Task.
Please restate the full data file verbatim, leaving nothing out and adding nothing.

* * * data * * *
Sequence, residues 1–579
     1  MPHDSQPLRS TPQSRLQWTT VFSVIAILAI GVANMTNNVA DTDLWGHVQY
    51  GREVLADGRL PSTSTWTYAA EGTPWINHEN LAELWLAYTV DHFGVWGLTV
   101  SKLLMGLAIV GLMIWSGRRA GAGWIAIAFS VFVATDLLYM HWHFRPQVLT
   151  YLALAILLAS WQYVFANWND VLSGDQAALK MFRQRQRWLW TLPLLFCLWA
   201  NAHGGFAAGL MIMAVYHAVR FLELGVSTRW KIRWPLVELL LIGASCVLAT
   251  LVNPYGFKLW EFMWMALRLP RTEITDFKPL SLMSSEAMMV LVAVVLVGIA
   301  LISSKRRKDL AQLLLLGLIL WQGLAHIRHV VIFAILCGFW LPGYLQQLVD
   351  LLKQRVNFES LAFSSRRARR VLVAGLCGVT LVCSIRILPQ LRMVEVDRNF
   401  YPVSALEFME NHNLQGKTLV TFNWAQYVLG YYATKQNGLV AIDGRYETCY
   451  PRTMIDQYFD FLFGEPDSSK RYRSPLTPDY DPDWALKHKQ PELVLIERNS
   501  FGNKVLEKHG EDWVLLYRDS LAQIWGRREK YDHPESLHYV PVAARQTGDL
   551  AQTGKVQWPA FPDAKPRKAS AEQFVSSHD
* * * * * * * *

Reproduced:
Sequence, residues 1–579
     1  MPHDSQPLRS TPQSRLQWTT VFSVIAILAI GVANMTNNVA DTDLWGHVQY
    51  GREVLADGRL PSTSTWTYAA EGTPWINHEN LAELWLAYTV DHFGVWGLTV
   101  SKLLMGLAIV GLMIWSGRRA GAGWIAIAFS VFVATDLLYM HWHFRPQVLT
   151  YLALAILLAS WQYVFANWND VLSGDQAALK MFRQRQRWLW TLPLLFCLWA
   201  NAHGGFAAGL MIMAVYHAVR FLELGVSTRW KIRWPLVELL LIGASCVLAT
   251  LVNPYGFKLW EFMWMALRLP RTEITDFKPL SLMSSEAMMV LVAVVLVGIA
   301  LISSKRRKDL AQLLLLGLIL WQGLAHIRHV VIFAILCGFW LPGYLQQLVD
   351  LLKQRVNFES LAFSSRRARR VLVAGLCGVT LVCSIRILPQ LRMVEVDRNF
   401  YPVSALEFME NHNLQGKTLV TFNWAQYVLG YYATKQNGLV AIDGRYETCY
   451  PRTMIDQYFD FLFGEPDSSK RYRSPLTPDY DPDWALKHKQ PELVLIERNS
   501  FGNKVLEKHG EDWVLLYRDS LAQIWGRREK YDHPESLHYV PVAARQTGDL
   551  AQTGKVQWPA FPDAKPRKAS AEQFVSSHD